Seven steps to playtesting

Gamebooks face risks that other sorts of books don’t.

When you’re reading a gamebook, have discovered the route to victory, and the text tells you to turn to section 123, it’s jarring and deflating to discover that section 123 is clearly not the section the author intended to send you to. There are many reasons this can happen (typos are the tip of the iceberg), and thankfully there’s a solution: a great playtester.

I thought I’d compile a list of what I find most helpful in a playtester – if you’re playtesting a gamebook at some point, maybe these will come in handy!

  1. Complete it fairly. This is far and away the most important output I’m looking for! If you needed to “cheat” to get to the end, please tell me what that looked like specifically for you.
  2. Tell me how difficult you’re finding it. It’s always going to be difficult to strike the right balance between challenge and reward – a gamebook with no challenge is just an overhyped novel, and one with too much is pure frustration in book form.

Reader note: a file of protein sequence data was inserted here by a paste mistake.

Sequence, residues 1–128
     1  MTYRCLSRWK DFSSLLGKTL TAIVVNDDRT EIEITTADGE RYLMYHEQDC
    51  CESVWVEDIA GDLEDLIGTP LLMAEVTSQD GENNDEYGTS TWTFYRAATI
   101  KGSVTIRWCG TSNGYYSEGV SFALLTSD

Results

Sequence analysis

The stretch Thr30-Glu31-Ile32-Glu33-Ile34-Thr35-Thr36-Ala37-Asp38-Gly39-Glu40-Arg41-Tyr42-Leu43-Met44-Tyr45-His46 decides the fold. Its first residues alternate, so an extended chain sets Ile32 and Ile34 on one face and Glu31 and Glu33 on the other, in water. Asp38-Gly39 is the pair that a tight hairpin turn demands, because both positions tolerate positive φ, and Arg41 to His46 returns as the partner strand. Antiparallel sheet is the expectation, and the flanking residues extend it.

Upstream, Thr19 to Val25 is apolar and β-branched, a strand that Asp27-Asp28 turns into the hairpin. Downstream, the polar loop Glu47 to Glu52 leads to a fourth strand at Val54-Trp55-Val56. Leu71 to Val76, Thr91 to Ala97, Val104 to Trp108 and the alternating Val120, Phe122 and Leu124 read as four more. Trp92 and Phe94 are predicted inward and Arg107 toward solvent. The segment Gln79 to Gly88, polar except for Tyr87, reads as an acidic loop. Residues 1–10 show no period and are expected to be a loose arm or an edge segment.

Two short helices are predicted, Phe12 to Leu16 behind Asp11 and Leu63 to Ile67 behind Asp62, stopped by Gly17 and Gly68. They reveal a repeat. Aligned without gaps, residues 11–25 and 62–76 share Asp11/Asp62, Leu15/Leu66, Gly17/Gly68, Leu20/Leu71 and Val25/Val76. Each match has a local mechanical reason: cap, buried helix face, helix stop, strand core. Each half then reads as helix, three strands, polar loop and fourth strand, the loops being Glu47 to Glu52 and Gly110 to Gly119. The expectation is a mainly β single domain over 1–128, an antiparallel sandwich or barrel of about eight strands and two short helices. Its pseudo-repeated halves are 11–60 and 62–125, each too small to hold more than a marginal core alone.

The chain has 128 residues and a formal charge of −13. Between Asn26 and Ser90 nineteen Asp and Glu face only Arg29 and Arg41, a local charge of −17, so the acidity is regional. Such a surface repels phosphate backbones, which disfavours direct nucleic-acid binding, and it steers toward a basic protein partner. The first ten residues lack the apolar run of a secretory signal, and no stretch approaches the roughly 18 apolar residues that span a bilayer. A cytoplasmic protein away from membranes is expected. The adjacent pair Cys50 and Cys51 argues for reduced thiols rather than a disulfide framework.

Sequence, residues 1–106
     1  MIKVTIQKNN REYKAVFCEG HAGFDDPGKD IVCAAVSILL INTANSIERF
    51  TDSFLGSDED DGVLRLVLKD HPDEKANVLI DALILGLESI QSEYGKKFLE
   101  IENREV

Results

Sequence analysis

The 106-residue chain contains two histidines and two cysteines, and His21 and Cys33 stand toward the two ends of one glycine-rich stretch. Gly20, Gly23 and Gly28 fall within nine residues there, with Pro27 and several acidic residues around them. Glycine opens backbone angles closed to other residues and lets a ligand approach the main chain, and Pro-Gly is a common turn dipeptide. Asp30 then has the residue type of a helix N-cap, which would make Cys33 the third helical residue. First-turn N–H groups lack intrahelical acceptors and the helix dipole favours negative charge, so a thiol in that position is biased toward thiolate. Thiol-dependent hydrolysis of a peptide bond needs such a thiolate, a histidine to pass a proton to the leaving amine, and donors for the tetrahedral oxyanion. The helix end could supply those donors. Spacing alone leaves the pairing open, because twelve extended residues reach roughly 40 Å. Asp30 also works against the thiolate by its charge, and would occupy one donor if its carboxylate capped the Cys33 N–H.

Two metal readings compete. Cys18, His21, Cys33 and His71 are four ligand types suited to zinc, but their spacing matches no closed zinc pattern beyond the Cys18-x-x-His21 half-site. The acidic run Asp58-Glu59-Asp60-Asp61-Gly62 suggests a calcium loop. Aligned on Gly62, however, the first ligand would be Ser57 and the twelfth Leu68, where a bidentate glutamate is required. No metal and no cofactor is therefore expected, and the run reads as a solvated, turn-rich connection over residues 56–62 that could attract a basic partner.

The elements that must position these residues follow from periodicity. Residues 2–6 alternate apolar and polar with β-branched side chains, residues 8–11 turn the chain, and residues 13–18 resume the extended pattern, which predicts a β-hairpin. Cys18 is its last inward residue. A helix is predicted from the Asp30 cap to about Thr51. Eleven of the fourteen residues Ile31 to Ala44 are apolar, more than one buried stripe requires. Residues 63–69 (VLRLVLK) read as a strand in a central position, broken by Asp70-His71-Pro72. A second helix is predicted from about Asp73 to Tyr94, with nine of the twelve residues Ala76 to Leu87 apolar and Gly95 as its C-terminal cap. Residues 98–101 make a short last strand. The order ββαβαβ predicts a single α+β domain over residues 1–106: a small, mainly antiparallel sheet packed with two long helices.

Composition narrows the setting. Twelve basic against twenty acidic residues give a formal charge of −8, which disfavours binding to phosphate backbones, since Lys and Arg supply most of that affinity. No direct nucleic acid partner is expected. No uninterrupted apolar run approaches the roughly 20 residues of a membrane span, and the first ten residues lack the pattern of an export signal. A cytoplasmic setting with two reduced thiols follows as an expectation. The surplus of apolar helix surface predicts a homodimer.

3. Interact fully with the game mechanics. Not every gamebook includes a stat block, dice rolling, etc., but for those that do it’s important that they don’t detract from the experience. A player shouldn’t be punished for playing by the rules.
  4. Share your emotional response. Gamebooks should be immersive, so the tone that it strikes is important. How you’re feeling as you’re reading it is really valuable feedback.
  5. Identify inconsistencies. Because readers take multiple routes to reach the same point, it’s far too easy to write a section that harks back to something that only some readers have experienced. If you get any cognitive dissonance, please point that out!
  6. Concentrate on playability over readability. You may very well spot typos and badly-formed sentences, but unless they get in the way of getting through it, I’d much rather your effort is spent on getting the player experience right (rather than the reader experience). The roles of copy editor and proofreader are different from playtesting so narrowly focus your energy on game- rather than -book.
  7. Thoroughly map the book’s flow. This has two advantages:
    1. When you get to an endpoint, you can easily retrace your steps without having to play through from the beginning, meaning your time is used more efficiently.
    2. I get to see how you’ve visualised what I’ve written, validating that I’ve described it the way I intended to, and getting a glimpse of a different approach.

What would you add to this list?